Their response may have been serious, but it was also totally unrealistic. The people obviously did not understand the holiness of God or their own spiritual limitations. They had so much to learn. And God was getting ready to teach them!

THE GIVING OF THE LAW

After living in idolatrous Egypt for many years, the people of Israel had very little awareness of the absolute holiness of God. They grumbled against Him, made demands on Him, and kept on asking Him for one blessing or another—almost as if He was their servant! They had very little awareness of their own sinfulness and did not even begin to understand the great distance between God’s infinite perfections and their own unholiness.

So God told Moses to tell the people to prepare for their “meeting” with God on the third day. They were to consecrate themselves for the next two days, wash their clothes, and abstain from sexual relations (Exodus 19:10-11, 14- 15). They were also to keep away from the mountain where God would come near to them, not even touching it. Those who did touch the mountain would be put to death (Exodus 19: 12-13).

“On the morning of the third day there was thunder and lightning and a very loud trumpet blast. Everyone in the camp trembled. Then Moses led the people out of the camp to meet with God, and they stood at the foot of the mountain. Mount Sinai was covered with smoke, because the Lord descended on it in fire. The smoke billowed up from it like smoke from a furnace, the whole mountain trembled violently, and the sound of the trumpet grew louder and louder. Then Moses spoke and the voice of God answered him” (Exodus 19:16-19).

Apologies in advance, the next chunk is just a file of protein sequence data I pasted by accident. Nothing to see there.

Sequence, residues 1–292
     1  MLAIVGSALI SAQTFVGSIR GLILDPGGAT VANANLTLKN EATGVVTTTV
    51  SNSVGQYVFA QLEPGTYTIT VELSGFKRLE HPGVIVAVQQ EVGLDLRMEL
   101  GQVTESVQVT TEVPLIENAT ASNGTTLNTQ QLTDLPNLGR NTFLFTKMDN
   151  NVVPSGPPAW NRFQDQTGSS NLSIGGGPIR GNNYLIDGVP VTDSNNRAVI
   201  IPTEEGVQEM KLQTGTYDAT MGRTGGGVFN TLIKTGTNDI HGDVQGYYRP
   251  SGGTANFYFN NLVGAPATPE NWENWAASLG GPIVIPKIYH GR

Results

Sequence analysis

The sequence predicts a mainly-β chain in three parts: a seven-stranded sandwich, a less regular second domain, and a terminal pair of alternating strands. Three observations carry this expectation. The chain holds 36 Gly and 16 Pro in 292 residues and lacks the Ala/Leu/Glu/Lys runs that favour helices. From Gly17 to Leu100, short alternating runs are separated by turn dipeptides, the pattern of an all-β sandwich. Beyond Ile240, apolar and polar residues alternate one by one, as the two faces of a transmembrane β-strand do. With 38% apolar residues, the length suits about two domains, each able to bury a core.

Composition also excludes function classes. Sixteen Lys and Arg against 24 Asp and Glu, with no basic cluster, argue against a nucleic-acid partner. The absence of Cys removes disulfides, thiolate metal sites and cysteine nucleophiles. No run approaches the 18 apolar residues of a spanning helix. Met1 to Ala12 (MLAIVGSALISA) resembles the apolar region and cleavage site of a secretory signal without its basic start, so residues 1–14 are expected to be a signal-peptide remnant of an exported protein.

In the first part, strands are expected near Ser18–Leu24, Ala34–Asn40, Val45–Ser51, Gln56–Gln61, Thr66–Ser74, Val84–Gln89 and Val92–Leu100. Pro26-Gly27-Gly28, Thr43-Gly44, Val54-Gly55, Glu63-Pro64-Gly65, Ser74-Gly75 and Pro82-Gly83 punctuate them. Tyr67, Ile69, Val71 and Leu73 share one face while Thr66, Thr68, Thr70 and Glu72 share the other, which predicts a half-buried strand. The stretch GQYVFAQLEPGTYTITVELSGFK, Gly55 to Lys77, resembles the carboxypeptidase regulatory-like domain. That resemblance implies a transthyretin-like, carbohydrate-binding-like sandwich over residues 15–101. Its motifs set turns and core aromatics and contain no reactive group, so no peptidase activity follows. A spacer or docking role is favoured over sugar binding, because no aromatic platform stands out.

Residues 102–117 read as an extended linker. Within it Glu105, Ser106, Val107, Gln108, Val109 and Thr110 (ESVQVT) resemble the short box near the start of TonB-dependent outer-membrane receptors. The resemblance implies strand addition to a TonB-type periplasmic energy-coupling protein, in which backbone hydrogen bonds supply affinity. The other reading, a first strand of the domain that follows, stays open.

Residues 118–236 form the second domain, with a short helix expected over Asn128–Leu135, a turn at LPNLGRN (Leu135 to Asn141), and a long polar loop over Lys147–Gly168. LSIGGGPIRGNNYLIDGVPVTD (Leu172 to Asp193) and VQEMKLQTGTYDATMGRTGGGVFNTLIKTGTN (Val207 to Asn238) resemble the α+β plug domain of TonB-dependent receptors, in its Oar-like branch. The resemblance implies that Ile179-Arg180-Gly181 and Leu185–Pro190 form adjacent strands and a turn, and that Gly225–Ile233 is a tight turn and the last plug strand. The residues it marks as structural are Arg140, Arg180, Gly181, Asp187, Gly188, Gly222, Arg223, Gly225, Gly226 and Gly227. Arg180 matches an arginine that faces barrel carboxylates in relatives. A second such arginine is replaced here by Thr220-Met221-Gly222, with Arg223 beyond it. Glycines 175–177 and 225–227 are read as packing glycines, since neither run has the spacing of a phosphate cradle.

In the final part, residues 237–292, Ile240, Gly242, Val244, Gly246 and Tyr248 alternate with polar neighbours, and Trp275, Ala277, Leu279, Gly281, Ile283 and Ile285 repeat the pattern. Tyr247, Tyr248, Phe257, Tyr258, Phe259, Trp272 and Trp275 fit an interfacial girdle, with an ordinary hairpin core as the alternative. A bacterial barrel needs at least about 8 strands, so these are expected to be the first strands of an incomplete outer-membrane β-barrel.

“When the people saw the thunder and lightning and heard the trumpet and saw the mountain in smoke, they trembled with fear. They stayed at a distance and said to Moses, ‘Speak to us yourself and we will listen. But do not have God speak to us or we will die” (Exodus 20:18-19).

This was probably the first time that the people became aware of the holiness and majesty of their God. They had often seen His power through the miracles He performed, but they were not fully aware of His supreme holiness. They did not fully understand the reality or the seriousness of their sin or realize how their lives were frequently out of harmony with God’s will for them.